We have a negative connotation on the word ‘lost’. But I beg to differ.
I’d be lying if I say that I already found what I want to do for the rest of my life. The thing with being ‘lost’ is that it’s a process — it’s not something you can run away from just by a quotable quote in Facebook or an inspiring message by someone.
Being lost is an opportunity. It’s a chance for us to explore possibilities and stretch out ourselves as much as we can (but not to the expense of overfatigue). It is, you may say, a kind of phase in life, but I think it can be something lifelong. Getting lost in helping others, for instance, is something I can buy into.
We hear so much unsolicited advice everyday on ‘fixing our lives’ or being at the state of ‘not being lost.’ I think these are horrible advice.
For one, human beings are extremely complex. When talking about the state of being ‘lost’, it’s not something that you can just discuss through a black-and-white perspective.
Instead of wallowing in despair of being ‘lost,’ I say we look at it constructively. I say we become gracefully lost.
Lost with sustainability
As what you probably know as someone reading this blog post right now, I write mostly on sustainability. But this wasn’t something that just popped into my head.
The United Nations’ Sustainable Development Goals have over 17 general goals for the planet. Each of these 17 goals has more specific sets of goals, and so on. I happen to find myself amid all these goals. I am, you could say, ‘gracefully lost’ in my advocacy for sustainability. I can honestly admit that I have no direct focus right now, but I make do with what I have by exploring and stretching out the possibilities. Some ways I do that is through this blog, my work, and volunteer engagements.
Another factor is that I’m treading on a path that’s barely scratched, at least locally. But that doesn’t stop me from trying to achieve what I want.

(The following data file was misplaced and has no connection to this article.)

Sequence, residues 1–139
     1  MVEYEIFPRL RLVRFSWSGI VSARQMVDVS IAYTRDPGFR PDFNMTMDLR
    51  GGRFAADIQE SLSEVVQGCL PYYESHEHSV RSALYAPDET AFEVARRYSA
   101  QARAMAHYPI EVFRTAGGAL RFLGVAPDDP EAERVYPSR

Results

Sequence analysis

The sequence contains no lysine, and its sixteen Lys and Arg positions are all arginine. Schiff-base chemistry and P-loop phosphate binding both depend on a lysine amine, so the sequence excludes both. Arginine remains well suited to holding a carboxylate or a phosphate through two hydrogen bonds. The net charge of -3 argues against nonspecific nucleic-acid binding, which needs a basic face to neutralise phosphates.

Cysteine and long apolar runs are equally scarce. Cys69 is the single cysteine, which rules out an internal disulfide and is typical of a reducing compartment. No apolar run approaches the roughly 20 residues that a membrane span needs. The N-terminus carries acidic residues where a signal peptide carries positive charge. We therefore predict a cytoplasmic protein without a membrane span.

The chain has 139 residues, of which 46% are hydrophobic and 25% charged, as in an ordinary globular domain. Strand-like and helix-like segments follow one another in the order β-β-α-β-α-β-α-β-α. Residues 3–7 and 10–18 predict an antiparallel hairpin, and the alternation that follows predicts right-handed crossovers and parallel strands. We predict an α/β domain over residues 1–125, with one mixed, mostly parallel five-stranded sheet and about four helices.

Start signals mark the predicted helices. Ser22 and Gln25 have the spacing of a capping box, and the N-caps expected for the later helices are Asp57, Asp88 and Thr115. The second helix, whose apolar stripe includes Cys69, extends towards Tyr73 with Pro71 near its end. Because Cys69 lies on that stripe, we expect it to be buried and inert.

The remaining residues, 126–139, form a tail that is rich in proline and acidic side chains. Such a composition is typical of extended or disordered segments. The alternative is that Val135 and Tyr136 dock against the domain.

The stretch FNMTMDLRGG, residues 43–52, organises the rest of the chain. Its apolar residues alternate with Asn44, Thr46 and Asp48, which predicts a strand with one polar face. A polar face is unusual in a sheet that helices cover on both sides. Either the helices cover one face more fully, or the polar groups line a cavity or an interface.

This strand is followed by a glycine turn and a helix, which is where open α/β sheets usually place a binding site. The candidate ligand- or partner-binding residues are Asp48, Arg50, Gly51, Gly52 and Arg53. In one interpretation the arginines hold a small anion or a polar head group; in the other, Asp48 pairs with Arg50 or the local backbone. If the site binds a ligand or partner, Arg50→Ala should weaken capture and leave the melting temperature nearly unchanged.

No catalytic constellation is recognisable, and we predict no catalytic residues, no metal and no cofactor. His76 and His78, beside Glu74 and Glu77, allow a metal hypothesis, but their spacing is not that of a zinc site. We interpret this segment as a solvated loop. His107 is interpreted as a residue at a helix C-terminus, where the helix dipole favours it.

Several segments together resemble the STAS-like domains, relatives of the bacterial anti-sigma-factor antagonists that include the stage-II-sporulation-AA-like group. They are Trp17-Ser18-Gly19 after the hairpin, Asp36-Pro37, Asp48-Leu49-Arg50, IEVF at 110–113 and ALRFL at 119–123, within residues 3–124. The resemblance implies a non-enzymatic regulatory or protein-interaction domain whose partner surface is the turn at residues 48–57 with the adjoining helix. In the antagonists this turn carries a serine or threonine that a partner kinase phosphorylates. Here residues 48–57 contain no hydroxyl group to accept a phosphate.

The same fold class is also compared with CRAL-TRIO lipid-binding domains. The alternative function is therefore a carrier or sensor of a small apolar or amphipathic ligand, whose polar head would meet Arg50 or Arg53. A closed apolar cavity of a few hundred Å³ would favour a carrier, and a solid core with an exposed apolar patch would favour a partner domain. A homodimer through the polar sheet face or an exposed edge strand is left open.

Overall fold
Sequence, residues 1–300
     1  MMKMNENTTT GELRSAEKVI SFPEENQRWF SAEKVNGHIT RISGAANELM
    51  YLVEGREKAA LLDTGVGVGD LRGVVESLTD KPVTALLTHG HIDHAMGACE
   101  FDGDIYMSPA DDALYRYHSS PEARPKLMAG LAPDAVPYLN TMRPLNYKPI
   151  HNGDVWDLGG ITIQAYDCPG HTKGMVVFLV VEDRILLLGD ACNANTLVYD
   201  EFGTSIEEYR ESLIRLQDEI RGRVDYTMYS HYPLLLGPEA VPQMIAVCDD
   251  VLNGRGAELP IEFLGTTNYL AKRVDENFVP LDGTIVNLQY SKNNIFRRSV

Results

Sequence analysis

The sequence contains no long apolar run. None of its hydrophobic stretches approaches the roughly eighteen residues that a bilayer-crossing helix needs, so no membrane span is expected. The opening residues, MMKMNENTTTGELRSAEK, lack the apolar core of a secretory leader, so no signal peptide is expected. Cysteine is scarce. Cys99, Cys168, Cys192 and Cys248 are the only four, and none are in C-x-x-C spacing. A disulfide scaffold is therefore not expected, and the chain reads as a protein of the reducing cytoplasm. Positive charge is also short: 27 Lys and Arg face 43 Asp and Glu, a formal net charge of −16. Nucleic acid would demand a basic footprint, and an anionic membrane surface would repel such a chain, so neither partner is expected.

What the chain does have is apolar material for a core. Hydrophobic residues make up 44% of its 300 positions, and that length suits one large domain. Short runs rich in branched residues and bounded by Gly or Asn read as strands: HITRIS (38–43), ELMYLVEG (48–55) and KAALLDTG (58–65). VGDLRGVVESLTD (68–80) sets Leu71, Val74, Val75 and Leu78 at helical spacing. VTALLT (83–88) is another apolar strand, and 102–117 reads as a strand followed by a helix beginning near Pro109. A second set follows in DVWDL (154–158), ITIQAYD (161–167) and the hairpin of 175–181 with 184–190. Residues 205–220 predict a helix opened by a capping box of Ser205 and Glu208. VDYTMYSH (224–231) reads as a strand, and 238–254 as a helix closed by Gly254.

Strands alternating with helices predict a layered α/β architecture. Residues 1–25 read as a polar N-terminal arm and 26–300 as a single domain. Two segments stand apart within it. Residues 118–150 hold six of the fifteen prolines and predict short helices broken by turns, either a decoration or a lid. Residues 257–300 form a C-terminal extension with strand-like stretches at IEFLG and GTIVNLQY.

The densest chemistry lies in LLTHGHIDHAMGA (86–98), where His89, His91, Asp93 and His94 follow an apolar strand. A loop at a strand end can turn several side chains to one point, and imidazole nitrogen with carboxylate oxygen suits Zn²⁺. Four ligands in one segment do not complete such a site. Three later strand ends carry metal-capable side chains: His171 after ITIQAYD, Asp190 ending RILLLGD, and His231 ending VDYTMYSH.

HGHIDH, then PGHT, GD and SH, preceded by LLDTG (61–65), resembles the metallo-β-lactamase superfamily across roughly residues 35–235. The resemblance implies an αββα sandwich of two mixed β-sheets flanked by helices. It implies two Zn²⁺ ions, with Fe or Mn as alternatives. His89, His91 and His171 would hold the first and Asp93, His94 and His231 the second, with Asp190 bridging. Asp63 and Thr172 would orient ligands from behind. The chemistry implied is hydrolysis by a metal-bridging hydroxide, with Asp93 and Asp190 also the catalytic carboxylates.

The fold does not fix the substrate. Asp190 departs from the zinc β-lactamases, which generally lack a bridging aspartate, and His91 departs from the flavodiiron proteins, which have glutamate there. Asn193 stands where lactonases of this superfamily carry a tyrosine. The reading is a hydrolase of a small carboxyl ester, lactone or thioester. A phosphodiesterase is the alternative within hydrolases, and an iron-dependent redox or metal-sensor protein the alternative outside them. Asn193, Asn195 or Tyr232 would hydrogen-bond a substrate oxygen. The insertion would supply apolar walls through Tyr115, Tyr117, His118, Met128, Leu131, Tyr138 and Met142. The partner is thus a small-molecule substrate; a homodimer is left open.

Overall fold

I believe in the intersection of business and environment. Businesses have the potential to overturn the damage it’s done to the world. This will require a new economic order that doesn’t rely on ‘eternal growth with finite natural resources.’
It’s a tall order. I honestly don’t know where to start. But I do certain things anyway. And this is what I mean about being gracefully lost.
‘Lost’ is a term that gets thrown around quite leniently. We forget that the term is not all that bad. It also has its good side, and that’s what I want to focus on here.
Being gracefully lost is like finding yourself for the first time in a railway system of a big city. You have no idea how it exactly works. But you do it anyway. You learn along the way. You build your knowledge. You practice it. Then you become used to it.
And this applies to any aspect of life. It’s alright that we don’t know yet what to do or where to go. We just have to do something. We just have to embrace being lost. And we have to do whatever it costs to maintain our sanity and health and still manage to bond with our loved ones.
Being gracefully lost reminds us to take it easy. It removes the pressure and fills us with an unrelenting force of lifelong learning.